Daily Devotion for November 8, 2009
Our Father, who art in heaven, hallowed be thy name. Thy kingdom come; Thy will be done, on earth as it is in heaven. Give us this day our daily bread, and forgive us our trespasses, as we forgive those who trespass against us. And lead us not into temptation, but deliver us from evil.
For Thine is the kingdom, and the power, and the glory, forever and ever.
Prayer for the Morning
Oh Lord, most heavenly Father, Almighty and everlasting God, who has safely brought me to the beginning of this day; I give you thanks for my creation, preservation, and all the blessings of my life. Grant that this day I fall into no sin, neither run into any kind of danger; but that all my doings, being governed by your will, may be righteous in your sight. Through Christ our Lord, I pray.
Prayer of Metropolitan Philaret (Greek Orthodox)
Lord, give me the strength to greet the coming day in peace. Help me in all things to rely on Your holy will. Reveal Your will to me every hour of the day. Bless my dealings with all people. Teach me to treat all people who come to me throughout the day with peace of soul and with firm conviction that Your will governs all. In all my deeds and words guide my thoughts and feelings. In unexpected events, let me not forget that all are sent by you. Teach me to act firmly and wisely, without embittering and embarrassing others. Give me the physical strength to bear the labors of this day. Direct my will, teach me to pray, pray in me.
Community of Prayer
May the grace of our Lord Jesus Christ, and the love of God, and the fellowship of the Holy Spirit, be among the community of all who pray in the name of Christ this morning, and remain among us always.
Think of the day ahead in terms of God with you, and visualize health, strength, guidance, purity, calm confidence, and victory as the gifts of His presence.
Gospel of Matthew, 18:1-6
Who is greatest in the kingdom of heaven?
The disciples asked Jesus, "Who is greatest in the kingdom of heaven?"
He called a little child and set him in their midst, and said, "Unless you change, and become like little children, there is no way for you to enter the kingdom of heaven.
Whoever humbles himself like this little child is the greatest in the kingdom of heaven. And whoever receives one such little child in my name, receives me. But whoever leads astray one of these little ones who believe on me, he would be better off if a huge stone were hung on his neck and he were sunk in the sea."
Comment on the Scripture
Christ takes the opportunity to make three statements, using a child as the center of his teaching. First, he states that we must become like little children to enter the kingdom of heaven in the first place. Our personal faith is to be simple and direct, with total trust and humility. He had previously said that "many who are last, will be first", meaning people who occupy a low status in society will be found high in righteousness. Here, he extends that lesson to our pride and self-importance. Our vanity and self-importance, faults we all have, must be discarded. To find God, we must find humility.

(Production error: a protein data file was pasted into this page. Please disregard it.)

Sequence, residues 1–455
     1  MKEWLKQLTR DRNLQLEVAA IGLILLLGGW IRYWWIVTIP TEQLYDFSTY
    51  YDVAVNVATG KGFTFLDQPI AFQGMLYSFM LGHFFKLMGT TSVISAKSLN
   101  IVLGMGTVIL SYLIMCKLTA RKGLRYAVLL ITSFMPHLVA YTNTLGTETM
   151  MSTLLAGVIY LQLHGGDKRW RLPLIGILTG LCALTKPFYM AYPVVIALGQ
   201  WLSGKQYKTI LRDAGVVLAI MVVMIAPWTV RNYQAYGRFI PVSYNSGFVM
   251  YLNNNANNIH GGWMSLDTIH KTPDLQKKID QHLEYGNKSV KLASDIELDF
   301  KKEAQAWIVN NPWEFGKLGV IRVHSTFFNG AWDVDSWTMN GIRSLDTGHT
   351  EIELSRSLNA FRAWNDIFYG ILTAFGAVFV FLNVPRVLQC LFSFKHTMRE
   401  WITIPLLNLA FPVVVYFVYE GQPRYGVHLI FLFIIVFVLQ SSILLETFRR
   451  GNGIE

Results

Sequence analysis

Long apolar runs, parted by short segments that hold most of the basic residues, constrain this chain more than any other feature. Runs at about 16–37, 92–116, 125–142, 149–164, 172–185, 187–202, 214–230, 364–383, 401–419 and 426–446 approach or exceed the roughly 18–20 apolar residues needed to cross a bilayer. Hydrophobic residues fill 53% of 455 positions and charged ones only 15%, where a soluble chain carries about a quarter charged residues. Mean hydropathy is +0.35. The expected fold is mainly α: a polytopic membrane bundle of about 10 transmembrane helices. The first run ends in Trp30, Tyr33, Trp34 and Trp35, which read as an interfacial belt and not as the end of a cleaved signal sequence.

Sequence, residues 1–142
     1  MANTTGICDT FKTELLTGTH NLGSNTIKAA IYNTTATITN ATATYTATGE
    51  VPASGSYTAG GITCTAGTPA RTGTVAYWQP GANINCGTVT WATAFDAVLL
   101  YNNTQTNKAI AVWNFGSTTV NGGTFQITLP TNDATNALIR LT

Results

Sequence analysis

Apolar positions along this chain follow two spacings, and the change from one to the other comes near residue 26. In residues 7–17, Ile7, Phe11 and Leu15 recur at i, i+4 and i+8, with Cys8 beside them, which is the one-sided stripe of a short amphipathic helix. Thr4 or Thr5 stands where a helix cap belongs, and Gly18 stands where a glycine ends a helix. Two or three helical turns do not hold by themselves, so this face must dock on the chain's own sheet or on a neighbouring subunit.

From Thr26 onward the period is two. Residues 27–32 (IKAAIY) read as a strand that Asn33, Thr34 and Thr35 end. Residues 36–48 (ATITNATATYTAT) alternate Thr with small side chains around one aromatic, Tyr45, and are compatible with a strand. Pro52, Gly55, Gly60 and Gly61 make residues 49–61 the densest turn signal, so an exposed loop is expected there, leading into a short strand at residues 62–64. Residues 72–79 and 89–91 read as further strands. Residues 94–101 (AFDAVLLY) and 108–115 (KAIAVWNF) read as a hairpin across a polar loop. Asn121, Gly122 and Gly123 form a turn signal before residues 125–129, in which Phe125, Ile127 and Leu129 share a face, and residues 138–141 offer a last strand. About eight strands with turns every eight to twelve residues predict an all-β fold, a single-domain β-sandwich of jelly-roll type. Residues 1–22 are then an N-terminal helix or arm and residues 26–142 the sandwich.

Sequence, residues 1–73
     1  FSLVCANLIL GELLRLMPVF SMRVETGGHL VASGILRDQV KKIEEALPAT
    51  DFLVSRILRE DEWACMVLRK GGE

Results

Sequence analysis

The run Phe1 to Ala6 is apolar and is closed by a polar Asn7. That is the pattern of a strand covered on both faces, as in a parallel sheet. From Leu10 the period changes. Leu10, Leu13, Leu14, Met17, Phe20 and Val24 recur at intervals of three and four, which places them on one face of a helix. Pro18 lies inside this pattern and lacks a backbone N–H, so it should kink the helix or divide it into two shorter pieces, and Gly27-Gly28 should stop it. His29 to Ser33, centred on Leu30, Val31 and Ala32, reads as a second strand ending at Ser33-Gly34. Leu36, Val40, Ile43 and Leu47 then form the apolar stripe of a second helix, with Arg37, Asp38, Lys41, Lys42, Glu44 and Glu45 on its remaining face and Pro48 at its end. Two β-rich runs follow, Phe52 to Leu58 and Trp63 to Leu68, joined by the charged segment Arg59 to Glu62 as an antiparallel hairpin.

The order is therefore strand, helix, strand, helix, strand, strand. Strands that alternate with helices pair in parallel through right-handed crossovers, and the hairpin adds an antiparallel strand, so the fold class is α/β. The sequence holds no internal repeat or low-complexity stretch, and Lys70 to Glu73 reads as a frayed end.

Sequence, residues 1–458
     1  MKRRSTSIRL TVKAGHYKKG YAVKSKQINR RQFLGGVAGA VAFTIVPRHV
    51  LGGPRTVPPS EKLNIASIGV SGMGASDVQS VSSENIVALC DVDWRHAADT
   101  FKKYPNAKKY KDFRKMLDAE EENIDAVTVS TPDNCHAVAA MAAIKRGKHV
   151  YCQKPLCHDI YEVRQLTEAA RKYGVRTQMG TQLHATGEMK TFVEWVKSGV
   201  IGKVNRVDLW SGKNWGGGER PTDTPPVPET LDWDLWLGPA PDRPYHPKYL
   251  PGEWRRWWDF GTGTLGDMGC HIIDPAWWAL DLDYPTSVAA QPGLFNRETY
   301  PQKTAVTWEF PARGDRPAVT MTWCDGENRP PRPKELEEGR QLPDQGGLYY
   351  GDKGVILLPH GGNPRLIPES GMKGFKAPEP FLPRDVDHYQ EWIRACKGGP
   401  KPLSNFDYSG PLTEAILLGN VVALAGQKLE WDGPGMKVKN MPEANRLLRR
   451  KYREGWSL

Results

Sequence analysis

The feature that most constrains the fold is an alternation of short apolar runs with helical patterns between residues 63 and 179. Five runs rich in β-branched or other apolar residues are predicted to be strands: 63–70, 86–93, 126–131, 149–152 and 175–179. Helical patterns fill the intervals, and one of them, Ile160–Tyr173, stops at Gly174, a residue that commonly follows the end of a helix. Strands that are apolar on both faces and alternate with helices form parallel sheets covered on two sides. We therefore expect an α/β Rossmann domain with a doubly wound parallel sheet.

He then answers the question asked ("Who is greatest in the kingdom of heaven"): The person who humbles himself the most. This always gives me great pause. It isn't the person with the most clever interpretation of the Bible, or the person who prevails in an argument about church politics, or the person with the most angry or trenchant criticism of modern-day evils. It is the person with the most humility. God is not impressed by our worldly successes. What he wants is a simple, true faith.
Finally, Christ turns his attention away from using the child as a metaphor, and has something to say about actual children. He condemns people who lead children astray and blesses those who "receive" them. A person who leads a child away from his belief in God, and into sin, would be better off in the middle of the ocean with a millstone tied to his neck.
Language note: "Receive" is an old-fashioned word, not really used much in modern English except in very formal or special contexts. Mostly, it is now used in the noun form, "reception", like a wedding reception, a reception after a performance or ceremony, etc. It mean to welcome and interact personally with someone, to treat them like an important human being, especially when there is some reason we might not do so: We are the center of attention in a large group or in public, we have very high social status, we are at home or in some other personal space, etc.